2. Be prepared for aftereffects of the storm -> Coming out can be a SHOCK for some people (who are we kidding, it’s a shock for the majority of people!!). From the person who comes out to the people whom he/she/they come out to, everyone gets affected for a variable period of time. Aftereffects can range from minor behavioral changes to crazy fights (to the point of people being thrown out of their own homes, sadly!). So here comes the con of coming out on video calling – although you aren’t physically there to face those aftereffects every single second, you might feel guilty of not being there to support your peers (or at least I was made to feel extremely guilty for not being there and making a wrong decision of using FaceTIme). Whatever, I have no regrets of how I came out to my parents, and I think it was the right time!). Even the duration of these aftereffects can vary from a few hours to days (in my case) to few months or even years (Nick’s case and most people’s case too), which brings me to my next commandment.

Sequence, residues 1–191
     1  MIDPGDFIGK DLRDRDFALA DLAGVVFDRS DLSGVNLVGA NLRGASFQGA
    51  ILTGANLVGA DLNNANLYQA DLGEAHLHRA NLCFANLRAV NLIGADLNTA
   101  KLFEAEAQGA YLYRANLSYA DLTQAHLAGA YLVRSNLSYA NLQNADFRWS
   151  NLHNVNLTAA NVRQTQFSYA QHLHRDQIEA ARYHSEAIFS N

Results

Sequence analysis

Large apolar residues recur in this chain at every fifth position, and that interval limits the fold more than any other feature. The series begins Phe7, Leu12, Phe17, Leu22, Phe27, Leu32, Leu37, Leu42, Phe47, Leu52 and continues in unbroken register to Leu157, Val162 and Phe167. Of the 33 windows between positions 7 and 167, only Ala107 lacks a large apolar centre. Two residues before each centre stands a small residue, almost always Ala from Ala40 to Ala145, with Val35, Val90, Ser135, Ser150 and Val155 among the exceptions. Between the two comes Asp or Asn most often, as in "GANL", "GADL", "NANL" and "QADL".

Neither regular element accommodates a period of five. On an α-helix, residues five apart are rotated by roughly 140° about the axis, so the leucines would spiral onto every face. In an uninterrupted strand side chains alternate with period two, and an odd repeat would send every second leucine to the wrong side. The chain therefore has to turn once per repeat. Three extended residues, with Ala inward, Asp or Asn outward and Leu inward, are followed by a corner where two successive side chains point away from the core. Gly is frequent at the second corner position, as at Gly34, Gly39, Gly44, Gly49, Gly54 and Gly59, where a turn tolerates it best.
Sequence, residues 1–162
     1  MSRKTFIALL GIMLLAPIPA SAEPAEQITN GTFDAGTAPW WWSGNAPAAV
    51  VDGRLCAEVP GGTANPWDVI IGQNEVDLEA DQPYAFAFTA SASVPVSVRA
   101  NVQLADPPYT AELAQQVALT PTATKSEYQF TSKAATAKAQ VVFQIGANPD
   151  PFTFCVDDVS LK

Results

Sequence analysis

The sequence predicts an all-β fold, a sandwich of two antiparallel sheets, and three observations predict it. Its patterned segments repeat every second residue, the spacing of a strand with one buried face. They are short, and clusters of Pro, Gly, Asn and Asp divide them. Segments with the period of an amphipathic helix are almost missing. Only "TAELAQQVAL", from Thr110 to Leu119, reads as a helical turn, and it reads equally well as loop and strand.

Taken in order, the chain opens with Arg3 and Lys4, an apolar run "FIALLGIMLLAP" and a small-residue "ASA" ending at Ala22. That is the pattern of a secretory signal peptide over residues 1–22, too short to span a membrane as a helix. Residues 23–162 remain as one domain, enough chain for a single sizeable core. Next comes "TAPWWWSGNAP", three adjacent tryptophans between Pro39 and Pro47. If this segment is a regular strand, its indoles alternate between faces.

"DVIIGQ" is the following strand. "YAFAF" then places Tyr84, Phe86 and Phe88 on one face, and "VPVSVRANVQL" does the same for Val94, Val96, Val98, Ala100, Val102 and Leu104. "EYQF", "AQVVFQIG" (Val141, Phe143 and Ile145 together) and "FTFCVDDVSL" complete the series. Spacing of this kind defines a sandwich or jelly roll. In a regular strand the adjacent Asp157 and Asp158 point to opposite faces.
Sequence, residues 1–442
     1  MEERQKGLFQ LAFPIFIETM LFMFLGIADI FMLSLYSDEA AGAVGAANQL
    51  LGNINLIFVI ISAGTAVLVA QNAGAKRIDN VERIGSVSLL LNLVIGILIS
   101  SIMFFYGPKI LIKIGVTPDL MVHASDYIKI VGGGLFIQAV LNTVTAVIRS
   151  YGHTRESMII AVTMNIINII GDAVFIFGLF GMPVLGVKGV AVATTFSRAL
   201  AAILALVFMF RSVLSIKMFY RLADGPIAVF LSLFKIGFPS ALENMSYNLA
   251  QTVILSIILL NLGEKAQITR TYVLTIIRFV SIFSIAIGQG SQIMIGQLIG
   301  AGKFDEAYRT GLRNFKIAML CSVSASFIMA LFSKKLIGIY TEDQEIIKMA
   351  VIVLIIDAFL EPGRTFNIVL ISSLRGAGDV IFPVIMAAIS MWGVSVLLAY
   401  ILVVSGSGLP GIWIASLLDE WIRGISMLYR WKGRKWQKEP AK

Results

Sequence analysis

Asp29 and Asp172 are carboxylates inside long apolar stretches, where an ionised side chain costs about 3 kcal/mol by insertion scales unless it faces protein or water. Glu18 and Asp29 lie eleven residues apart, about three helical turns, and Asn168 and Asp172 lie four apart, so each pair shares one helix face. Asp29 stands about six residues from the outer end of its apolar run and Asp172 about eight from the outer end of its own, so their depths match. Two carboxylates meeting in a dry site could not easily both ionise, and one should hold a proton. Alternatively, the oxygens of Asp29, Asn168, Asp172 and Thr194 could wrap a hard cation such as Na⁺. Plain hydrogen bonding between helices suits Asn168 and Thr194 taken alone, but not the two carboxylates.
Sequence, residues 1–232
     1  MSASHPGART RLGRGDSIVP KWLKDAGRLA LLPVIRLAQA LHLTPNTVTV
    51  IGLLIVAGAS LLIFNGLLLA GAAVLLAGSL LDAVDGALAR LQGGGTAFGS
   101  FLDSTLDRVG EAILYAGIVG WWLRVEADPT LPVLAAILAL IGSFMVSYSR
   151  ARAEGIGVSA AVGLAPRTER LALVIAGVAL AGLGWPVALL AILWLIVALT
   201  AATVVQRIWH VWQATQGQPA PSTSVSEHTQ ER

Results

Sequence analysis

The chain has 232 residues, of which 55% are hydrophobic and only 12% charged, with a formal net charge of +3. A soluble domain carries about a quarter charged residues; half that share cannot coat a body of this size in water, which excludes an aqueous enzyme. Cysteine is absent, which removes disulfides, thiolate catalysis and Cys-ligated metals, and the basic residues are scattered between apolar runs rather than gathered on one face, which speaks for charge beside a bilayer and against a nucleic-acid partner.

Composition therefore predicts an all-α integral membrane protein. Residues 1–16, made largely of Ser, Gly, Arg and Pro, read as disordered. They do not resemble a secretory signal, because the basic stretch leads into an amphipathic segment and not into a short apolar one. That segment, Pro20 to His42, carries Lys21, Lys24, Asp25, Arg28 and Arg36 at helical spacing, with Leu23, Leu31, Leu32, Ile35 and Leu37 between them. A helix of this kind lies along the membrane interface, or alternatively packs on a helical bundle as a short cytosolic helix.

3. Be patient -> As I mentioned before, it can take up to 5-10 years (or maybe a lifetime) for your family to come to terms with your sexuality. Unfortunately, I know of some of my friends in the LGBTQ+ community whose families have not accepted them yet, despite it being >20 years. But don’t lose hope and be strong….
  4. Be strong -> As I mentioned previously that you must be 100% comfortable with yourself before coming out to people. Being comfortable with one’s self also helps to have that courage to face the world. It is NOT an easy process (but neither is life!). When I say that be strong, it doesn’t mean that you have to be the lone warrior on the battlefield. You have tons of resources at your disposal which you MUST use – movies, music (my coming out song to inspire me was Let it go from Frozen), stories of successful people (Ellen DeGeneres, being one of my inspirations), your partner(s) 😉 , best friends, etc.
  5. Hope for the best and have faith – Eventually, it will work out!! Don’t lose hope, think positive, and try to keep yourself occupied (especially in the immediate coming out period) to destress. Coming out is a tough step (in fact, a MILESTONE for every LGBTQ+ community member), so be PROUD of yourself and everything you have achieved.

I wish you all the very best for the next big step in life.

As I said before, Let it go…..

Love,

Rhys